A jack-o'-lantern (or jack o'lantern) is a carved pumpkin, turnip, or other root vegetable lantern[1] associated with Halloween. Its name comes from the phenomenon of a strange light flickering over peat bogs, called will-o'-the-wisp or jack-o'-lantern. The name is also tied to the Irish legend of Stingy Jack, a drunkard who bargains with Satan and is doomed to roam the Earth with only a hollowed turnip to light his way.

Jack-o'-lanterns are a yearly Halloween tradition that came to the United States from Irish immigrants. [2]

In a jack-o'-lantern, the top of the pumpkin or turnip is cut off to form a lid, the inside flesh is scooped out, and an image—usually a scary or funny face—is carved out of the rind to expose the hollow interior. To create the lantern effect, a light source, traditionally a flame such as a candle or tea light, is placed within before the lid is closed. However, artificial jack-'o-lanterns with electric lights are also marketed. It is common to see jack-o'-lanterns on doorsteps and otherwise used as decorations prior to and on Halloween.


The term jack-o'-lantern was originally used to describe the visual phenomenon ignis fatuus (lit., "foolish fire") known as a will-o'-the-wisp in English folklore. Used especially in East England, its earliest known use dates to the 1660s.[3] The term "will-o'-the-wisp" uses "wisp" (a bundle of sticks or paper sometimes used as a torch) and the proper name "Will": thus, "Will-of-the-torch." The term jack o'lantern is of the same construction: "Jack of [the] lantern."



The carving of vegetables has been a common practice in many parts of the world, and gourds were one of the earliest plant species farmed by humans c. 10,000 years ago.[4] For example, gourds were used to carve lanterns by the Māori over 700 years ago;[5] the Māori word for a gourd also describes a lampshade.[6]

It is believed that the custom of making jack-o'-lanterns at Hallowe'en time began in Ireland.[7][8][9] In the 19th century, "turnips or mangel wurzels, hollowed out to act as lanterns and often carved with grotesque faces," were used on Halloween in parts of Ireland and the Scottish Highlands.[10] In these Gaelic-speaking regions, Halloween was also the festival of Samhain and was seen as a time when supernatural beings (the Aos Sí), and the souls of the dead, walked the earth. Jack-o'-lanterns were also made at Halloween time in Somerset (see Punkie Night) during the 19th century.[10]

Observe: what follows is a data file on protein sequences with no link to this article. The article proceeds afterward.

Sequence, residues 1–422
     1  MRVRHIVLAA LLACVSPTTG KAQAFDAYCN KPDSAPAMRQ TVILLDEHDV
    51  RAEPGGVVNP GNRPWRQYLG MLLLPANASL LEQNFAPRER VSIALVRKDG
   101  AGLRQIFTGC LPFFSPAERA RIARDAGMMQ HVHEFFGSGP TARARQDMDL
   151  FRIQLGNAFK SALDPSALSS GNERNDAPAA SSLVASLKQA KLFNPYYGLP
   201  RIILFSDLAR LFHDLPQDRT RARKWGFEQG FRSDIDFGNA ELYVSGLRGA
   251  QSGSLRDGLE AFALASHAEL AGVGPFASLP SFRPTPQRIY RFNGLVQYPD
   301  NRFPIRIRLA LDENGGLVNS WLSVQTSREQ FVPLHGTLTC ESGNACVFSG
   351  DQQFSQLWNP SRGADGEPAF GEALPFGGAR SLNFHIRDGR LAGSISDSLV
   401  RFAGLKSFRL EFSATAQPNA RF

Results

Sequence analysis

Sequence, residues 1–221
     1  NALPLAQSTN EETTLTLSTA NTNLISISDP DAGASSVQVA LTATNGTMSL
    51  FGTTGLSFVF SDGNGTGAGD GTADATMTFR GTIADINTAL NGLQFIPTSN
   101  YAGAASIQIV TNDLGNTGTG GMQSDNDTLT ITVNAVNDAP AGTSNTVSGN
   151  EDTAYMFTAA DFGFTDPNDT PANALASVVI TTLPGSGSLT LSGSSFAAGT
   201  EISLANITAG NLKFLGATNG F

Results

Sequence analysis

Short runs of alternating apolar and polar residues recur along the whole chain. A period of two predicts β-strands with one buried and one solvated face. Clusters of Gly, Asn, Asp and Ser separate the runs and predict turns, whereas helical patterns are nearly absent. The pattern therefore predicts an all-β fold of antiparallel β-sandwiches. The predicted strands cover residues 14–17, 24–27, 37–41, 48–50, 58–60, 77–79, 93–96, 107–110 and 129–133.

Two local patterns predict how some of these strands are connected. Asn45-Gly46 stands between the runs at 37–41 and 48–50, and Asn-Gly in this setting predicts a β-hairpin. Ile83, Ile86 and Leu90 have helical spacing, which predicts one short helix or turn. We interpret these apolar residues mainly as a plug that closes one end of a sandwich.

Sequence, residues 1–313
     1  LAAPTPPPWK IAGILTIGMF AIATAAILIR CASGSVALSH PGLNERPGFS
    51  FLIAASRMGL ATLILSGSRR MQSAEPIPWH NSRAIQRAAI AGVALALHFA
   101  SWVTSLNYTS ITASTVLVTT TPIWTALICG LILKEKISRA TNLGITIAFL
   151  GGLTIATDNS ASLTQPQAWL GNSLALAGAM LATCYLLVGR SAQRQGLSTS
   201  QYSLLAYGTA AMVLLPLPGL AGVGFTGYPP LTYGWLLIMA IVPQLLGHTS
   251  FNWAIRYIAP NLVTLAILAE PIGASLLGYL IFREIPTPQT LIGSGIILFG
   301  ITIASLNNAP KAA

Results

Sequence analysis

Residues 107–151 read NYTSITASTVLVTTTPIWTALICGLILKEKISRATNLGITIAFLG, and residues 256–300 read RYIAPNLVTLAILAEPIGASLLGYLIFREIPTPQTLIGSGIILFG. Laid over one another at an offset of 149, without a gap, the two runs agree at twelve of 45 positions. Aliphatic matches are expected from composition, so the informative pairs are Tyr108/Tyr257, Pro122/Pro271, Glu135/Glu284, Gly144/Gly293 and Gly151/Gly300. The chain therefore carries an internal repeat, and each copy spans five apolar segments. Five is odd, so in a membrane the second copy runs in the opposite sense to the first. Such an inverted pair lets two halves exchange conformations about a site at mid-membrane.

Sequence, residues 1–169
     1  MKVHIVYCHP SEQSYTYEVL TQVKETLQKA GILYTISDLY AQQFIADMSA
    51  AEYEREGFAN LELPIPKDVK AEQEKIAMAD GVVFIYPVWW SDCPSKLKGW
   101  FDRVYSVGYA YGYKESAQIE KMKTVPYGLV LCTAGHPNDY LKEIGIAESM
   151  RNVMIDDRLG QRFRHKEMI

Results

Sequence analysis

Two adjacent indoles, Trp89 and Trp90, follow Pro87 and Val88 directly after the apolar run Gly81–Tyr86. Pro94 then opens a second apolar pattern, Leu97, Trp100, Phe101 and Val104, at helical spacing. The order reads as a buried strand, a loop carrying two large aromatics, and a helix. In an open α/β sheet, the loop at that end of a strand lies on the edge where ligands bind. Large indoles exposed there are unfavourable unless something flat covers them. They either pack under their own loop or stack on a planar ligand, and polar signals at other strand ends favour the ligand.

By those who made them, the lanterns were said to represent either spirits or supernatural beings,[10] or were used to ward off evil spirits.[11] For example, sometimes they were used by Halloween participants to frighten people,[11][12][13] and sometimes they were set on windowsills to keep harmful spirits out of one's home.[12] It has also been suggested that the jack-o'-lanterns originally represented Christian souls in purgatory, as Halloween is the eve of All Saints' Day (1 November)/All Souls' Day (2 November).[14]

On Halloween in 1835, the Dublin Penny Journal published a long story on the legend of "Jack-o'-the-Lantern".[15] In 1837, the Limerick Chronicle refers to a local pub holding a carved gourd competition and presenting a prize to "the best crown of Jack McLantern". The term "McLantern" also appears in an 1841 publication of the same paper.[16]

There is also evidence that turnips were used to carve what was called a "Hoberdy's Lantern" in Worcestershire, England, at the end of the 18th century. The folklorist Jabez Allies recalls:

In North America

Adaptations of Washington Irving's short story "The Legend of Sleepy Hollow" (1820) often show the Headless Horseman with a pumpkin or jack-o'-lantern in place of his severed head. (In the original story, a shattered pumpkin is discovered next to Ichabod Crane's abandoned hat on the morning after Crane's supposed encounter with the Horseman.)

The application of the term to carved pumpkins in American English is first seen in 1834.[17] The carved pumpkin lantern's association with Halloween is recorded in the 1 November 1866 edition of the Daily News (Kingston, Ontario):

The old time custom of keeping up Hallowe'en was not forgotten last night by the youngsters of the city. They had their maskings and their merry-makings, and perambulated the streets after dark in a way which was no doubt amusing to themselves. There was a great sacrifice of pumpkins from which to make transparent heads and face, lighted up by the unfailing two inches of tallow candle.[18]

James Fenimore Cooper wrote a nautical novel titled The Jack O'lantern (le Feu-Follet), Or the Privateer (1842). The Jack O'lantern was the name of the ship.[19]

The poet John Greenleaf Whittier, who was born in Massachusetts in 1807, wrote the poem "The Pumpkin" (1850):[20]

Oh!—fruit loved of boyhood!—the old days recalling,